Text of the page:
This was the appetizer for the main course that I was served on Saturday afternoon. Keep reading and looking.
When baseball players are mired in a deep batting slump, they must keep focused.
They take extra batting practice and field extra balls. But what do veteran railfan photographers do? They keep going trackside, keep pressing the shutter release button and hope that they get a break.
Of course, it doesn’t help to be sitting on the bench and seeing the “stars” of such sites as Railpictures.net and Trainorders.com hit pitch after pitch out of the park when you can’t make it to first base.
And so it has been for me this year. I’ve been thrown a lot of curve balls that I swung at and missed.
First, there was the Saturday back in early January after one of the East’s many snow and ice storms. Amtrak No. 49 was running about eight hours late with Phase III livery No. 822 on the lead.
I wasn’t working that day and there was brilliant sunshine. I was set up with good lighting just west of the Grand River in Painesville.
The pitch came sailing toward the plate. It was an eastbound CSX freight with an attractive lash-up. I worked it for a base on balls.
But no sooner had I gotten to first, No. 49 came rushing past on the other track and I missed the shot.
I had gotten picked off and went back to the dugout without having scored.
In March, we were on our way from back from Disney World about the Silver Meteor. To our surprise the Meteor came into the Orlando station with P42 No. 145, the Phase III heritage unit, as the second unit.
Alas, we were loaded down with luggage and my camera was packed away. The best shot I was able to get was from on board the train from our Viewliner sleeper room.
I would get another turn at the plate when we stopped in Jacksonville. But Amtrak threw me a high, hard one.
No. 145 was obstructed by the platform canopy. I call this getting on base by an error then getting stranded.
A few weeks ago, Jeff Troutman and I were all set to get the Norfolk & Western heritage unit at Bedford on a westbound.
As I stood in the batter’s box, an eastbound intermodal came creeping past. And I do mean creeping.
I could see the tail end of the intermodal coming, but I also could hear the approaching westbound.
The best I could do was to “see” the NS 8103 between the trailers of the eastbound. Finally, the eastbound cleared and I got a going away shot of the N&W unit.
I would score this getting to second base and then getting hit by a batted ball in fair territory. I trudged back to the dugout.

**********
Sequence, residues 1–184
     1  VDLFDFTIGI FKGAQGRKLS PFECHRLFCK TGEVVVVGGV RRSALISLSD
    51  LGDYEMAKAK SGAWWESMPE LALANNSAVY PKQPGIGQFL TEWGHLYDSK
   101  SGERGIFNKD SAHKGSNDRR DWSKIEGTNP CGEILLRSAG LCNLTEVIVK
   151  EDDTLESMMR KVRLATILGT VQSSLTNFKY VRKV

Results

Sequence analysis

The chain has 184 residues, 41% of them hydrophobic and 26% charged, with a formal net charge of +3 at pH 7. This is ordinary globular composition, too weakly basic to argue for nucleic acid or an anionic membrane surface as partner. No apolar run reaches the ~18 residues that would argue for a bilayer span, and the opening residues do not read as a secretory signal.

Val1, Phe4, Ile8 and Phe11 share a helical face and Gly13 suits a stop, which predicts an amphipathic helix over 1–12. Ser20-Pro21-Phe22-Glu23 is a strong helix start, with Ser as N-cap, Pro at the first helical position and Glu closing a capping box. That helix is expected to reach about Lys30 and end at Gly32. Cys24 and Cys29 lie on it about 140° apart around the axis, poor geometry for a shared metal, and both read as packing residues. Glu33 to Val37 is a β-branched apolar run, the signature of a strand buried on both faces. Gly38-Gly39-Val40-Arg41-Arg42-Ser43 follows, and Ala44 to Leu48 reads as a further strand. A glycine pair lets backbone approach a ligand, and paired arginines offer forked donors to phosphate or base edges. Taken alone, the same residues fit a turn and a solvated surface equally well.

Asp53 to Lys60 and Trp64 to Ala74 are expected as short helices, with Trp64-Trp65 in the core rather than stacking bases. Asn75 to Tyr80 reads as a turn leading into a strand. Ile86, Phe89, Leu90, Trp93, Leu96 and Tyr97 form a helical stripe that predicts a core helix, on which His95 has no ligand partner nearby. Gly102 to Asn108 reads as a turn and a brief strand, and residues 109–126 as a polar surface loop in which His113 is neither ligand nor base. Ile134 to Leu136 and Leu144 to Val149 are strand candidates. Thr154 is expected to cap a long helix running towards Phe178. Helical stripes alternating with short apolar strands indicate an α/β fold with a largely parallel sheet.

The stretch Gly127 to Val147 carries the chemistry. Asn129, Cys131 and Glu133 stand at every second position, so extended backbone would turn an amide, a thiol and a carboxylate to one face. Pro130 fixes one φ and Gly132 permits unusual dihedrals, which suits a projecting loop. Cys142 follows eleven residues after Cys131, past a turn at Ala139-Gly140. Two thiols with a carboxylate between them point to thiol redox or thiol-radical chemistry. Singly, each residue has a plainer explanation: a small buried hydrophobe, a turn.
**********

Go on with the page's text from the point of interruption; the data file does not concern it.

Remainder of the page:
On Saturday morning, I got a phone call from Craig Sanders. Think my luck has been bad? He hasn’t photographed an NS heritage unit on the lead since last October. Talk about a slump.
With his encouragement in the form of letting me know that the Southern Railway heritage unit was leading the 22K eastward, I kept watching Heritageunits.com and Trainorders.com.
The 22K takes the former Nickel Plate Road to Buffalo and my house is just a few minutes away. It was my weekend off, the skies were blue and things seemed to be setting up in my favor. Over in Cleveland guys were hitting the ball out of the park like the wind was blowing out at Wrigley Field.
I camped out by the single track NKP for two hours. No way was I going to miss this one. The guy in the batting order ahead of me got on base when the 206 came past with a BNSF unit leading.
It was my turn to step into the box. And now the pitcher holds the ball, and now he lets it go. And now the air is shattered by the force of Edward’s blow.
Casey might have struck out, but it felt good to finally be circling those bases after hitting one out of the park. It’s been a long time and I had almost forgotten what it feels like to score.
Photographs by Edward Ribinskas
Who would have thought getting a pumpkin and a war bonnet would be considered a disappointment?
Somewhere on the other side was the locomotive that I *really* wanted to get.
The best that I was able to do was only so-so.
Not much to work with here.
It’s better than nothing, I guess.
Just when I thought I was going to get a pitch that I could drive, I see this eastbound coming.
Somewhere between those trailers is the N&W heritage locomotive. You’ll need to look carefully.
It is almost in clear sight.
The best I was able to do in this at bat. At least it wasn’t trailing. Then it would truly be failure.
It might be. It could be.
It is! A home run!